I come from a large Latin American family. Strictly, we’re something of a melting pot, but we mostly identify with my mothers side of the family. My mom came to the United States from Guatemala in her twenties, met my father, and married him. My father’s side of the family is small while my mom’s side calls anyone who ever stayed at my grandmother’s house a cousin. Any family wedding would require a large hall just for our side to be able to come.
Some years after all of my mother’s four siblings had moved to the US, so did my grandparents. Though my grandfather died when I was still young, my grandmother, (who still mostly speaks Spanish,) is still kicking at 96 years old.
My family had a summer tradition of going on a camping trip to a lake in Northern California. We would take up five camping spots with all of our campers and water toys for a week of playing in the water and soaking up the sun. Everybody would come, including my grandmother.
When Kyle, our oldest, was about two, my wife and I decided to go on the summer trip. Thankfully, my parents offered us a bed in their RV so we could have a place for our son to be out of the dirt if he needed, since he couldn’t walk or get around without his own brand of scooting.
While in the RV one afternoon, my grandmother turned to me and told me the story of one of my cousins. She told me that when my cousin was young she wasn’t walking like me or my other cousins so they rubbed egg whites on her legs and in no time she was walking just like us.
I have to confess I didn’t take this story well. I yelled at my grandmother “My son has cerebral palsy! Egg whites are not going to make him walk!”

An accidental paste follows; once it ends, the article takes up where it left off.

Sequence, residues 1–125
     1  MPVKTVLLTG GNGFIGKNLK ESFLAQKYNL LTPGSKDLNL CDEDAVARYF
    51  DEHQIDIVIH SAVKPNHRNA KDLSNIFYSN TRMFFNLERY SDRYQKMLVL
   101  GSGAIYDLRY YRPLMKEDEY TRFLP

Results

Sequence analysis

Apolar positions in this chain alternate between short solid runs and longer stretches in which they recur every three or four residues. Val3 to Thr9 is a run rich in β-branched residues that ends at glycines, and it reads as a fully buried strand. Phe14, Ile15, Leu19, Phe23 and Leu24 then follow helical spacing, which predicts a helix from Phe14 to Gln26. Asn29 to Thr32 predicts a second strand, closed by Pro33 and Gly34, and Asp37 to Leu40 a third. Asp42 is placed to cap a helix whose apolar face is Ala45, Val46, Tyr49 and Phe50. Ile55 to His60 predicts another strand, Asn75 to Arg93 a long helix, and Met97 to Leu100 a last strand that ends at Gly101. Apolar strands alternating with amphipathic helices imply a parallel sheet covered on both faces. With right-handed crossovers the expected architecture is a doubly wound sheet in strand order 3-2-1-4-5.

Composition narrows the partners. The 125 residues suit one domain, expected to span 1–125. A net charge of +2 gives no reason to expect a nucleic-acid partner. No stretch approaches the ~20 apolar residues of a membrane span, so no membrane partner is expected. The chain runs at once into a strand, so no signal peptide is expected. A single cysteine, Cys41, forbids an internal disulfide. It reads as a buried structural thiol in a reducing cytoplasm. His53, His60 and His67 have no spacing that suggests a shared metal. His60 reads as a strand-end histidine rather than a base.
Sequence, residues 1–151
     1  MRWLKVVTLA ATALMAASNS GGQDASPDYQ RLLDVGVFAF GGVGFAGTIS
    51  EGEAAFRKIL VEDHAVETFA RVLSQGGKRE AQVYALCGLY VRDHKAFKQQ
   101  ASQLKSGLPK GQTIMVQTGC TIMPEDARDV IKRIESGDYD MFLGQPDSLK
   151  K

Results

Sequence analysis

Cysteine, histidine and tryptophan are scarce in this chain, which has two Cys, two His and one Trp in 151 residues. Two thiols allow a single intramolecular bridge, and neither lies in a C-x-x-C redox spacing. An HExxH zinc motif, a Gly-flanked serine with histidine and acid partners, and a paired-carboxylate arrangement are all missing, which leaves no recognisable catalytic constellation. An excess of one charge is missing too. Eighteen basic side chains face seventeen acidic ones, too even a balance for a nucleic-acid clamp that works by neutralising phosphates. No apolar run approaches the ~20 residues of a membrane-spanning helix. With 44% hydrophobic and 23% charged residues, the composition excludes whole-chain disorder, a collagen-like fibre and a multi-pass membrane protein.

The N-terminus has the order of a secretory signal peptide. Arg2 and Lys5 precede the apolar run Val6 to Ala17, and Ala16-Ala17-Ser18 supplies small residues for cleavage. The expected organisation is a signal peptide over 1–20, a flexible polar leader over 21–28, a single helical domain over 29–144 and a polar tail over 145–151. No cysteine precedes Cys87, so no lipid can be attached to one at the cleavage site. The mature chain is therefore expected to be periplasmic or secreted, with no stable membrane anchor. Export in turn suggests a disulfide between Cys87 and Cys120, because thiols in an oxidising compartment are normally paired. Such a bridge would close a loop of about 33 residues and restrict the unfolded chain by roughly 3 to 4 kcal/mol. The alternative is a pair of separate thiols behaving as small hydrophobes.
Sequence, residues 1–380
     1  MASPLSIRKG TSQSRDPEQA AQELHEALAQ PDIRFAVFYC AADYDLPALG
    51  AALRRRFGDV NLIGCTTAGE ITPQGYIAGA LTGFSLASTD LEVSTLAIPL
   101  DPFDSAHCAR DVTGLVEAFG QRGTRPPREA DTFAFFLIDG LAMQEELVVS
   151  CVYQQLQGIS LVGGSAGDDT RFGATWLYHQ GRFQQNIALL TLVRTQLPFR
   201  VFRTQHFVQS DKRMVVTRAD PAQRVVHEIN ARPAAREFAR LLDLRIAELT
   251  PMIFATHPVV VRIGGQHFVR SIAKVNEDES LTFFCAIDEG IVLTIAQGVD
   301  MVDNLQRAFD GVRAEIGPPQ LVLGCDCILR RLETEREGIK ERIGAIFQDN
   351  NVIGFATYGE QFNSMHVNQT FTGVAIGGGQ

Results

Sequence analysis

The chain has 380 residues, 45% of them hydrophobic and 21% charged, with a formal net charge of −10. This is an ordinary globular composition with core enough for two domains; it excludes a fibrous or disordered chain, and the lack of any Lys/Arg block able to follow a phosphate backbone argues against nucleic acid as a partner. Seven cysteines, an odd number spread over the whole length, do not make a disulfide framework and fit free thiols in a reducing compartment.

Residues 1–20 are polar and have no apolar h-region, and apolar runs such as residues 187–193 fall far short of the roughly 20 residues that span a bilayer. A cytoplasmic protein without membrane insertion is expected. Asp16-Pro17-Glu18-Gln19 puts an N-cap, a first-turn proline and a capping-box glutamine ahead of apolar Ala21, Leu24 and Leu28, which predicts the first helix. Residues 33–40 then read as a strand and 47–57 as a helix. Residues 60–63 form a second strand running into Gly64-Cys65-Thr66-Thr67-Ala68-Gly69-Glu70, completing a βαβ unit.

When I was a boy, the last day of school was by far the best day of the year. Teachers couldn’t give you any more homework for three months! And you didn't have to hand anything in that was past due. It was too late. Your fate was set, whether good or bad.
But the best thing about the last day of school was knowing that when you woke up the next morning, it would be summer vacation! I would always try to sleep until noon every day that first week of summer, but it usually didn't happen because my dad would have projects lined up for us to work on. Still, my friends and I would ride our mini-bikes all over the neighborhood. When we were younger it was our bikes, and when we were even smaller, Big Wheels (does anybody remember those?) We got soaked running and playing in the sprinklers and of course freaked out when we heard the ice cream man. We'd run into the house to beg money from Mom. We crammed so much activity into each day that the three months of summertime seemed to last forever – or at least like a whole year went by before school started again.
At some point during summer, we'd go on The Trip. You know what I'm talking about. Dad would take a week off from work so the whole family could go camping or visit relatives. If we went camping, we had a list of all the necessary supplies and checked them off one by one. Can opener, check! Coffee, matches, band-aids; check, check, check! All the essential items were packed into our homemade recreational vehicle, which was an old potato chip delivery truck my dad transformed into an RV. We called it the "Big-O" because it was orange. And then off we'd go on an adventure!